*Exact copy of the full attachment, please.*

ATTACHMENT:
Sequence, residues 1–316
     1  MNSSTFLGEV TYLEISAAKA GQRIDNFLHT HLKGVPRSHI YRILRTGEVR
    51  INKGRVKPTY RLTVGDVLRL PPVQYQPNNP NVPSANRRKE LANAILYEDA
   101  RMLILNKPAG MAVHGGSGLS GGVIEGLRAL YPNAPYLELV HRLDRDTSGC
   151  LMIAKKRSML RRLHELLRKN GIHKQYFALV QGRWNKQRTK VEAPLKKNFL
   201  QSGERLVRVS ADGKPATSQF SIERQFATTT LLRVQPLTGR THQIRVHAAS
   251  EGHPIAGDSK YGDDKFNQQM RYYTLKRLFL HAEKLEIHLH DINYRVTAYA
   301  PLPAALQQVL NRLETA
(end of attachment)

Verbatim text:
Sequence, residues 1–316
     1  MNSSTFLGEV TYLEISAAKA GQRIDNFLHT HLKGVPRSHI YRILRTGEVR
    51  INKGRVKPTY RLTVGDVLRL PPVQYQPNNP NVPSANRRKE LANAILYEDA
   101  RMLILNKPAG MAVHGGSGLS GGVIEGLRAL YPNAPYLELV HRLDRDTSGC
   151  LMIAKKRSML RRLHELLRKN GIHKQYFALV QGRWNKQRTK VEAPLKKNFL
   201  QSGERLVRVS ADGKPATSQF SIERQFATTT LLRVQPLTGR THQIRVHAAS
   251  EGHPIAGDSK YGDDKFNQQM RYYTLKRLFL HAEKLEIHLH DINYRVTAYA
   301  PLPAALQQVL NRLETA